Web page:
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Cell Res. 2015 Sep;25(9):1013-24. doi: 10.1038/cr.2015.99. Epub 2015 Aug 21.

Direct reprogramming of mouse fibroblasts into cardiomyocytes with chemical cocktails.

Author information

1
Shanghai Key Laboratory of Signaling and Disease Research, Laboratory of Receptor-based Bio-medicine, School of Life Sciences and Technology, Tongji University, Shanghai 200092, China.
2
CAS Key Laboratory of Receptor Research, the National Center for Drug Screening, Shanghai Institute of Materia Medica, Chinese Academy of Sciences, Shanghai 201203, China.
3
Institute of Neuroscience, Key Laboratory of Primate Neurobiology, CAS Center for Excellence in Brain Science, Shanghai Institutes for Biological Sciences, Chinese Academy of Sciences, Shanghai 200031, China.

Abstract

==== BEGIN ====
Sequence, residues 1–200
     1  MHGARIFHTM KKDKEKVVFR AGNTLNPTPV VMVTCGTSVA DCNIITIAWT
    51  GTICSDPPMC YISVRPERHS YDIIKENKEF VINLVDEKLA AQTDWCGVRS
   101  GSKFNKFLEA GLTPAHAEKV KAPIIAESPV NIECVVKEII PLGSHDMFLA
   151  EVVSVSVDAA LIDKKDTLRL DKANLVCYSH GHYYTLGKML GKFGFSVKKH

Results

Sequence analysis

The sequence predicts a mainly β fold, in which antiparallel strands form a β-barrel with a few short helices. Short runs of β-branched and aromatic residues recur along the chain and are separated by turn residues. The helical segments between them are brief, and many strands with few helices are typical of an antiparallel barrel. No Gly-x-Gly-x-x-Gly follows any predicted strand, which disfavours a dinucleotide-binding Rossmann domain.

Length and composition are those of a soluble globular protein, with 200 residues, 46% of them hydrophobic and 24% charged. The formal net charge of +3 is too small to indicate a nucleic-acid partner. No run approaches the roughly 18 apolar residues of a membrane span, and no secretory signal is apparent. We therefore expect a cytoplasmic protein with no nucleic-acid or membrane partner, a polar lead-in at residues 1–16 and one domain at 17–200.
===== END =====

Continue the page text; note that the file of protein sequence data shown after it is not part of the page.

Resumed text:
The direct conversion, or transdifferentiation, of non-cardiac cells into cardiomyocytes by forced expression of transcription factors and microRNAs provides promising approaches for cardiac regeneration. However, genetic manipulations raise safety concerns and are thus not desirable in most clinical applications. The discovery of full chemically induced pluripotent stem cells suggest the possibility of replacing transcription factors with chemical cocktails. Here, we report the generation of automatically beating cardiomyocyte-like cells from mouse fibroblasts using only chemical cocktails. These chemical-induced cardiomyocyte-like cells (CiCMs) express cardiomyocyte-specific markers, exhibit sarcomeric organization, and possess typical cardiac calcium flux and electrophysiological features. Genetic lineage tracing confirms the fibroblast origin of these CiCMs. Further studies show the generation of CiCMs passes through a cardiac progenitor stage instead of a pluripotent stage. Bypassing the use of viral-derived factors, this proof of concept study lays a foundation for in vivo cardiac transdifferentiation with pharmacological agents and possibly safer treatment of heart failure.

PMID:
26292833
PMCID:
PMC4559819
DOI:
10.1038/cr.2015.99
[Indexed for MEDLINE]
Free PMC Article

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